The circulating microbiome signature and inferred functional metagenomics in alcoholic hepatitis

Puneet Puri, Suthat Liangpunsakul, Jeffrey E. Christensen, Vijay H. Shah, Patrick S. Kamath, Gregory J. Gores, Susan Walker, Megan Comerford, Barry Katz, Andrew Borst, Andy Yu, Divya P. Kumar, Faridoddin Mirshahi, Svetlana Radaeva, Naga Chalasani, David Crabb, Arun J. Sanyal

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Abstract

Intestinal dysbiosis is implicated in alcoholic hepatitis (AH). However, changes in the circulating microbiome, its association with the presence and severity of AH, and its functional relevance in AH is unknown. Qualitative and quantitative assessment of changes in the circulating microbiome were performed by sequencing bacterial DNA in subjects with moderate AH (MAH) (n = 18) or severe AH (SAH) (n = 19). These data were compared with heavy drinking controls (HDCs) without obvious liver disease (n = 19) and non-alcohol-consuming controls (NACs, n = 20). The data were related to endotoxin levels and markers of monocyte activation. Linear discriminant analysis effect size (LEfSe) analysis, inferred metagenomics, and predictive functional analysis using PICRUSt were performed. There was a significant increase in 16S copies/ng DNA both in MAH (P < 0.01) and SAH (P < 0.001) subjects. Compared with NACs, the relative abundance of phylum Bacteroidetes was significantly decreased in HDCs, MAH, and SAH (P < 0.001). In contrast, all alcohol-consuming groups had enrichment with Fusobacteria; this was greatest for HDCs and decreased progressively in MAH and SAH. Subjects with SAH had significantly higher endotoxemia (P = 0.01). Compared with alcohol-consuming groups, predictive functional metagenomics indicated an enrichment of bacteria with genes related to methanogenesis and denitrification. Furthermore, both HDCs and SAH showed activation of a type III secretion system that has been linked to gram-negative bacterial virulence. Metagenomics in SAH versus NACs predicted increased isoprenoid synthesis via mevalonate and anthranilate degradation, known modulators of gram-positive bacterial growth and biofilm production, respectively. Conclusion: Heavy alcohol consumption appears to be the primary driver of changes in the circulating microbiome associated with a shift in its inferred metabolic functions.

Original languageEnglish (US)
JournalHepatology
DOIs
StateAccepted/In press - Jan 1 2018

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Alcoholic Hepatitis
Metagenomics
Microbiota
Drinking
Fusobacteria
Alcohols
Dysbiosis
Bacteroidetes
Denitrification
Bacterial DNA
Mevalonic Acid
Endotoxemia
Terpenes
Discriminant Analysis
Biofilms
Endotoxins
Alcohol Drinking
Virulence
Liver Diseases
Monocytes

ASJC Scopus subject areas

  • Hepatology

Cite this

Puri, P., Liangpunsakul, S., Christensen, J. E., Shah, V. H., Kamath, P. S., Gores, G. J., ... Sanyal, A. J. (Accepted/In press). The circulating microbiome signature and inferred functional metagenomics in alcoholic hepatitis. Hepatology. https://doi.org/10.1002/hep.29623

The circulating microbiome signature and inferred functional metagenomics in alcoholic hepatitis. / Puri, Puneet; Liangpunsakul, Suthat; Christensen, Jeffrey E.; Shah, Vijay H.; Kamath, Patrick S.; Gores, Gregory J.; Walker, Susan; Comerford, Megan; Katz, Barry; Borst, Andrew; Yu, Andy; Kumar, Divya P.; Mirshahi, Faridoddin; Radaeva, Svetlana; Chalasani, Naga; Crabb, David; Sanyal, Arun J.

In: Hepatology, 01.01.2018.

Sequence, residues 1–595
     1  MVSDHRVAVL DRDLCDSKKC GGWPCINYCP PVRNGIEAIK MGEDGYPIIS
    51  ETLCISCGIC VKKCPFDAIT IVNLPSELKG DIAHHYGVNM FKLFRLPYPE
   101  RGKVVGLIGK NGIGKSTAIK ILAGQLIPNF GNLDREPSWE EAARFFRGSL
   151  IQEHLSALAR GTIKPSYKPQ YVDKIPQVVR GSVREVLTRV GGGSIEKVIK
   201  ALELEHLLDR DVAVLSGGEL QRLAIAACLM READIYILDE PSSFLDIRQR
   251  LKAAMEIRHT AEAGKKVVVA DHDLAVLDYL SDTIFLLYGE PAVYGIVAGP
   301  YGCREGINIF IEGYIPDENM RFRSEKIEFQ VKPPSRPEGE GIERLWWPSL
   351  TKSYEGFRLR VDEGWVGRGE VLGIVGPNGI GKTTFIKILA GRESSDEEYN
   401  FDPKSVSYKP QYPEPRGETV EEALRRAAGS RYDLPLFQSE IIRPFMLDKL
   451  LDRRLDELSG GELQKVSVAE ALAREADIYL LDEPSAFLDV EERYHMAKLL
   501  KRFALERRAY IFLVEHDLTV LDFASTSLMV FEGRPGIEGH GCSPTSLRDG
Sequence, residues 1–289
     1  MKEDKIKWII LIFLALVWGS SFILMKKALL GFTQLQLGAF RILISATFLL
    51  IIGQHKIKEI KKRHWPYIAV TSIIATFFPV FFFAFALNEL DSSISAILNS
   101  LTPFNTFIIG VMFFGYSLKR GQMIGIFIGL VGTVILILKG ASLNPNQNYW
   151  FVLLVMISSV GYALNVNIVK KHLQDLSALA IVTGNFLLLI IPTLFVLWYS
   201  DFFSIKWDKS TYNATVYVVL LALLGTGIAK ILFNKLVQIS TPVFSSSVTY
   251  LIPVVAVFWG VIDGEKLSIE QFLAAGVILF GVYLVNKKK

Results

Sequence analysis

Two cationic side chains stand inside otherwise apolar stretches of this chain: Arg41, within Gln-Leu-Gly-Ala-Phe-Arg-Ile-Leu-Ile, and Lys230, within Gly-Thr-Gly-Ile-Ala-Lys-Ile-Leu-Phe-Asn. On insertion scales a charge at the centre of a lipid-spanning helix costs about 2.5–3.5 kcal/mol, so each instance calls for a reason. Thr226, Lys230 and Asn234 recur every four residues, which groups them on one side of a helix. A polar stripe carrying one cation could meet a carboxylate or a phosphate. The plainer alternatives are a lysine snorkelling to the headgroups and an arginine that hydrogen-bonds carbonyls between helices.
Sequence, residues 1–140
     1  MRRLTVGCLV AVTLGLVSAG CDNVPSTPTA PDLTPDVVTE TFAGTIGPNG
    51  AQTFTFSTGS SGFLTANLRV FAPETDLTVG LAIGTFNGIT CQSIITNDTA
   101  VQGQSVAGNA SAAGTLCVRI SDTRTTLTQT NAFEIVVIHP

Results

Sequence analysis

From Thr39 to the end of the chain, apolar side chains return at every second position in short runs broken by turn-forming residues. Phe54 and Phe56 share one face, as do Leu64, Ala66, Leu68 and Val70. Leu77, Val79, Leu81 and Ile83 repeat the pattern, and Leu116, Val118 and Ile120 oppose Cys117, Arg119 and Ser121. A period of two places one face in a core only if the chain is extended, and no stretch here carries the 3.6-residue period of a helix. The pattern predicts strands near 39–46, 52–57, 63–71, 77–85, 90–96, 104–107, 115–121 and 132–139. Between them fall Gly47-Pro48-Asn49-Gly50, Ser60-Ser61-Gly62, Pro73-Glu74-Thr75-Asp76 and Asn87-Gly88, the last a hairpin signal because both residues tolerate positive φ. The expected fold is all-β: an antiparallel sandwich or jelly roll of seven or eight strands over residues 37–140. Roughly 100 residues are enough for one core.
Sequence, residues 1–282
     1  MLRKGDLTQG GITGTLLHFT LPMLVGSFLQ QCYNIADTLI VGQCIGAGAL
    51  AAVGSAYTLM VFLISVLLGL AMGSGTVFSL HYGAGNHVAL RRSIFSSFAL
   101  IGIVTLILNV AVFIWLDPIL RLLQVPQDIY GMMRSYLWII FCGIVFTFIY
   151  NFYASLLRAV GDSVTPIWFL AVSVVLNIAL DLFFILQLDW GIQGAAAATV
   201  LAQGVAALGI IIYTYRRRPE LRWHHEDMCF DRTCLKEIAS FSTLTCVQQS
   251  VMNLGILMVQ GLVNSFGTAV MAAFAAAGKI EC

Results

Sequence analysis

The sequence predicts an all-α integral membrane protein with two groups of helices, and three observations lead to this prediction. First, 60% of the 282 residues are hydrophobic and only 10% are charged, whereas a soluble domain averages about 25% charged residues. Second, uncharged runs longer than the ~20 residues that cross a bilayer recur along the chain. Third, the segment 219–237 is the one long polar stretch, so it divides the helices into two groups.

Research output: Contribution to journalArticle

Puri, P, Liangpunsakul, S, Christensen, JE, Shah, VH, Kamath, PS, Gores, GJ, Walker, S, Comerford, M, Katz, B, Borst, A, Yu, A, Kumar, DP, Mirshahi, F, Radaeva, S, Chalasani, N, Crabb, D & Sanyal, AJ 2018, 'The circulating microbiome signature and inferred functional metagenomics in alcoholic hepatitis', Hepatology. https://doi.org/10.1002/hep.29623
Puri, Puneet ; Liangpunsakul, Suthat ; Christensen, Jeffrey E. ; Shah, Vijay H. ; Kamath, Patrick S. ; Gores, Gregory J. ; Walker, Susan ; Comerford, Megan ; Katz, Barry ; Borst, Andrew ; Yu, Andy ; Kumar, Divya P. ; Mirshahi, Faridoddin ; Radaeva, Svetlana ; Chalasani, Naga ; Crabb, David ; Sanyal, Arun J. / The circulating microbiome signature and inferred functional metagenomics in alcoholic hepatitis. In: Hepatology. 2018.
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abstract = "Intestinal dysbiosis is implicated in alcoholic hepatitis (AH). However, changes in the circulating microbiome, its association with the presence and severity of AH, and its functional relevance in AH is unknown. Qualitative and quantitative assessment of changes in the circulating microbiome were performed by sequencing bacterial DNA in subjects with moderate AH (MAH) (n = 18) or severe AH (SAH) (n = 19). These data were compared with heavy drinking controls (HDCs) without obvious liver disease (n = 19) and non-alcohol-consuming controls (NACs, n = 20). The data were related to endotoxin levels and markers of monocyte activation. Linear discriminant analysis effect size (LEfSe) analysis, inferred metagenomics, and predictive functional analysis using PICRUSt were performed. There was a significant increase in 16S copies/ng DNA both in MAH (P < 0.01) and SAH (P < 0.001) subjects. Compared with NACs, the relative abundance of phylum Bacteroidetes was significantly decreased in HDCs, MAH, and SAH (P < 0.001). In contrast, all alcohol-consuming groups had enrichment with Fusobacteria; this was greatest for HDCs and decreased progressively in MAH and SAH. Subjects with SAH had significantly higher endotoxemia (P = 0.01). Compared with alcohol-consuming groups, predictive functional metagenomics indicated an enrichment of bacteria with genes related to methanogenesis and denitrification. Furthermore, both HDCs and SAH showed activation of a type III secretion system that has been linked to gram-negative bacterial virulence. Metagenomics in SAH versus NACs predicted increased isoprenoid synthesis via mevalonate and anthranilate degradation, known modulators of gram-positive bacterial growth and biofilm production, respectively. Conclusion: Heavy alcohol consumption appears to be the primary driver of changes in the circulating microbiome associated with a shift in its inferred metabolic functions.",